By Tim Colvin
For many faithful Catholics and Christians of all denominations, even for many Americans who are not religious, this election has painted a very stark picture: we are forced to choose between the two most flawed and disliked candidates in recent political memory. Many Americans have chosen to vote for third parties as a way to vent their frustration, while others, including myself, have decided that no candidate is fit to lead our country and have decided to not vote at all. I am particularly disappointed that I feel the need to abstain from voting, as this is the first presidential election I can participate in, but I feel as I have a greater duty to my principles and conscience.
But perhaps there is also an opportunity in this election, an opportunity for creative destruction, for new philosophies and ideas to emerge. For the past several decades it has felt like Christians have become more or less clients of the Republican Party; Republicans will take a stand (or will at least pay lip-service) to those particular issues (especially social issues) and Christians will get in line to pull the lever for the Republican candidate.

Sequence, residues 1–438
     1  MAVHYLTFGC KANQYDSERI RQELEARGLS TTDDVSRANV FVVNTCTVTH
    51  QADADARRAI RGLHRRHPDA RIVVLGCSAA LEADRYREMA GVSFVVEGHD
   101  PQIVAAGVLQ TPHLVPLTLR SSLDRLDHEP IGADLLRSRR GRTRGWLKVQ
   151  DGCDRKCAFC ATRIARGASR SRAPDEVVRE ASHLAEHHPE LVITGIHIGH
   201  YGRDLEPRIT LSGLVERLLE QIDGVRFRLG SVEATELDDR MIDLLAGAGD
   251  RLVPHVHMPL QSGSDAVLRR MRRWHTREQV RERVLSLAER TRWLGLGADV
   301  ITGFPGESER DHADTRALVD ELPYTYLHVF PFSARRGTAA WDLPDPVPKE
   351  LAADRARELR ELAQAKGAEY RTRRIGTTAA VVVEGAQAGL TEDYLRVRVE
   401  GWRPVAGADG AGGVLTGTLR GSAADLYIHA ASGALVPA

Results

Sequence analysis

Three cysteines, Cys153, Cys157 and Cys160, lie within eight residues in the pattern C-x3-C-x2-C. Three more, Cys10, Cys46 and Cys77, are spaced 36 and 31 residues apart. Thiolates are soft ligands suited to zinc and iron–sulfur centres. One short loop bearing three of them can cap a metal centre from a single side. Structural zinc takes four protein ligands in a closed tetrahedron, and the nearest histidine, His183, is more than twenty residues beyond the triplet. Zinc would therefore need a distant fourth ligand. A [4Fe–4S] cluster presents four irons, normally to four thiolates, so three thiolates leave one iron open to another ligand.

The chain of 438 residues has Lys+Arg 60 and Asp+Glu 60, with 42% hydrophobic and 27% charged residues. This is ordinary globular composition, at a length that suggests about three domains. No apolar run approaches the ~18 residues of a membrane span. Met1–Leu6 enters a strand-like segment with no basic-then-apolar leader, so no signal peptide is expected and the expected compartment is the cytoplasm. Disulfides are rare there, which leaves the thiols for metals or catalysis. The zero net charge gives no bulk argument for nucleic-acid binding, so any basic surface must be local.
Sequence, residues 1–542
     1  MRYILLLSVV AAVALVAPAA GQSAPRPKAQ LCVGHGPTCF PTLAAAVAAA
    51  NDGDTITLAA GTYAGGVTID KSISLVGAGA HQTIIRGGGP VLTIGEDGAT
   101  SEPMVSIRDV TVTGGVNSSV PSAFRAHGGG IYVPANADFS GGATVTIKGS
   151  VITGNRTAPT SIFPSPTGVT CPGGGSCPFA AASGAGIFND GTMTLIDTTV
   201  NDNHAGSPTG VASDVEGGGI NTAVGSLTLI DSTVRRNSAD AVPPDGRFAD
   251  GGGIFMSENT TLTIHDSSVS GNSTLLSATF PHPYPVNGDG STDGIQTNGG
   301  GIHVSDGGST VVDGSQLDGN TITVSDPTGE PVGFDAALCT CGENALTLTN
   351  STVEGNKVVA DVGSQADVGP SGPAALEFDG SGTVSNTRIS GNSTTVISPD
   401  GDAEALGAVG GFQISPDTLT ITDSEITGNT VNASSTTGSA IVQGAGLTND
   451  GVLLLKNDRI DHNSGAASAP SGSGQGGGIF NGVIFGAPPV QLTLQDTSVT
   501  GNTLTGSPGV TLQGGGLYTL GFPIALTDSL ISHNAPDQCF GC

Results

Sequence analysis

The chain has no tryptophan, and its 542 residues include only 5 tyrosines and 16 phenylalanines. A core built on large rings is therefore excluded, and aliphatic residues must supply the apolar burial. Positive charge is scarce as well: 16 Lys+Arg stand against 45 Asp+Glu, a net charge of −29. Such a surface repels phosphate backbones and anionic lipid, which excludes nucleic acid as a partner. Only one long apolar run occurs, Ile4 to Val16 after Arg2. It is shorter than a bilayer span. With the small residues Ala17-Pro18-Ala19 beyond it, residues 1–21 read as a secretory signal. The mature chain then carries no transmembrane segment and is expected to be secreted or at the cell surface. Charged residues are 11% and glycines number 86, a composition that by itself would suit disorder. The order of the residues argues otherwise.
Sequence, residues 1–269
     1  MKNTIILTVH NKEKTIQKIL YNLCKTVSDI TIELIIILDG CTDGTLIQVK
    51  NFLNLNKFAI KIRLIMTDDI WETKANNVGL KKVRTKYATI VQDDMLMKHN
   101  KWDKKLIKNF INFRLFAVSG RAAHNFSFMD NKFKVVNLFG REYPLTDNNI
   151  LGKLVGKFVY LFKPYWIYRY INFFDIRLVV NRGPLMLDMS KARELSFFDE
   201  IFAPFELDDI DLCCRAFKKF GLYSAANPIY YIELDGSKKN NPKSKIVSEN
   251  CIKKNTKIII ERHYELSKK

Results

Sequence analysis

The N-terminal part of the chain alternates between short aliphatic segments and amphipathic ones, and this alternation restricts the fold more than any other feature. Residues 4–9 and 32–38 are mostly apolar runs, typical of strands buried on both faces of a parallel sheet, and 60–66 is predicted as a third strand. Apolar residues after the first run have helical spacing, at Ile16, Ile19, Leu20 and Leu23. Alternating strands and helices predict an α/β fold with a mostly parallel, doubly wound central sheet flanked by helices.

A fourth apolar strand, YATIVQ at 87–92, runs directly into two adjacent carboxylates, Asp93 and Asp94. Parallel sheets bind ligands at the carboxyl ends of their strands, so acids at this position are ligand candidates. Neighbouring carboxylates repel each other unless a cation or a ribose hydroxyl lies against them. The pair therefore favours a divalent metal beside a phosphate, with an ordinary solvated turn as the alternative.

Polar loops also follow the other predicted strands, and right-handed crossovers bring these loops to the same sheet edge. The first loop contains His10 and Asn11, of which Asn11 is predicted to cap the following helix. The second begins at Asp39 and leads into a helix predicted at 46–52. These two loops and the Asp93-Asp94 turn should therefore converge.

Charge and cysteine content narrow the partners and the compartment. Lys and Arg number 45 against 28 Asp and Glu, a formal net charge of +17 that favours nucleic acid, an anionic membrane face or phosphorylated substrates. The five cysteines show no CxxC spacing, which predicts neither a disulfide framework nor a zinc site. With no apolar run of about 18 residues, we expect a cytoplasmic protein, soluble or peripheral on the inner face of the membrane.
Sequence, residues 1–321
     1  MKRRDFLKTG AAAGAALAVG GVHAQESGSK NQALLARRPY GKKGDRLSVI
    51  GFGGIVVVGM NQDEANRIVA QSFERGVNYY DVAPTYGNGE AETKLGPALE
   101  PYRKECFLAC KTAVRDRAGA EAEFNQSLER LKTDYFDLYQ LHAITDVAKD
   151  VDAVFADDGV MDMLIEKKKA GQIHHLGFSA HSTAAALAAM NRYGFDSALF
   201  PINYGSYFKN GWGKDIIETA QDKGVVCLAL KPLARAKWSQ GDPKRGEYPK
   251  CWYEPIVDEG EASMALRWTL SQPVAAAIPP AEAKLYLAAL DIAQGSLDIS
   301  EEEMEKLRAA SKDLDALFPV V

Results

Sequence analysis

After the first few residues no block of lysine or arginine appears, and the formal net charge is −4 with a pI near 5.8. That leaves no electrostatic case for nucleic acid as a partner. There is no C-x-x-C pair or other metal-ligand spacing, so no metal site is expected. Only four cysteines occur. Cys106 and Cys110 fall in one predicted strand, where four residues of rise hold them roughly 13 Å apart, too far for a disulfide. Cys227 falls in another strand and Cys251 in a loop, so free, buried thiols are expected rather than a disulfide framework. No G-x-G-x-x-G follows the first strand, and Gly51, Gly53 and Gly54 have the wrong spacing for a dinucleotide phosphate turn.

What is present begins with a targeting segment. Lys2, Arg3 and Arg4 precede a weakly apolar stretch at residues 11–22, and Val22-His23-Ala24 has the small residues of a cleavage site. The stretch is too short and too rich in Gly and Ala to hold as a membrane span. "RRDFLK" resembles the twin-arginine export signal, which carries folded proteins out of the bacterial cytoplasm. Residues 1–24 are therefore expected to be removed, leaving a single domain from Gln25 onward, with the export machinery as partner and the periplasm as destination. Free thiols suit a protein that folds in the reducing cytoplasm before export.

And now that the culture wars are over for the most part – gay rights and the sexual revolution are arguably, mostly settled issues – the rise of Donald Trump represents a post- culture war Republican Party, where issues of sexual morality have taken a back seat, and issues dealing with economics and immigration have come to the fore.
The views, opinions and positions expressed by these authors and blogs are theirs and do not necessarily represent that of the Bioethics Research Library and Kennedy Institute of Ethics or Georgetown University.